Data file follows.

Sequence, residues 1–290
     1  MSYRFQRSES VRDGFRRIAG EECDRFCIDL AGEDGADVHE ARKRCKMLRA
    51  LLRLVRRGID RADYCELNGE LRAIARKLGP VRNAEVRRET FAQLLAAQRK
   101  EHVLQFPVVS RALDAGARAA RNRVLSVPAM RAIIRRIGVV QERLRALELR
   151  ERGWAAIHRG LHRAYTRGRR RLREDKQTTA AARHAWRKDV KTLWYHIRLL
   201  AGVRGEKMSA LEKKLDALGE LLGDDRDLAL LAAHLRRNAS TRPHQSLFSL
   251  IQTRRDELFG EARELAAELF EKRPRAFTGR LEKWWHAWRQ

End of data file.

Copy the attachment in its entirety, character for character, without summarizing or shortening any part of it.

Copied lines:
Sequence, residues 1–290
     1  MSYRFQRSES VRDGFRRIAG EECDRFCIDL AGEDGADVHE ARKRCKMLRA
    51  LLRLVRRGID RADYCELNGE LRAIARKLGP VRNAEVRRET FAQLLAAQRK
   101  EHVLQFPVVS RALDAGARAA RNRVLSVPAM RAIIRRIGVV QERLRALELR
   151  ERGWAAIHRG LHRAYTRGRR RLREDKQTTA AARHAWRKDV KTLWYHIRLL
   201  AGVRGEKMSA LEKKLDALGE LLGDDRDLAL LAAHLRRNAS TRPHQSLFSL
   251  IQTRRDELFG EARELAAELF EKRPRAFTGR LEKWWHAWRQ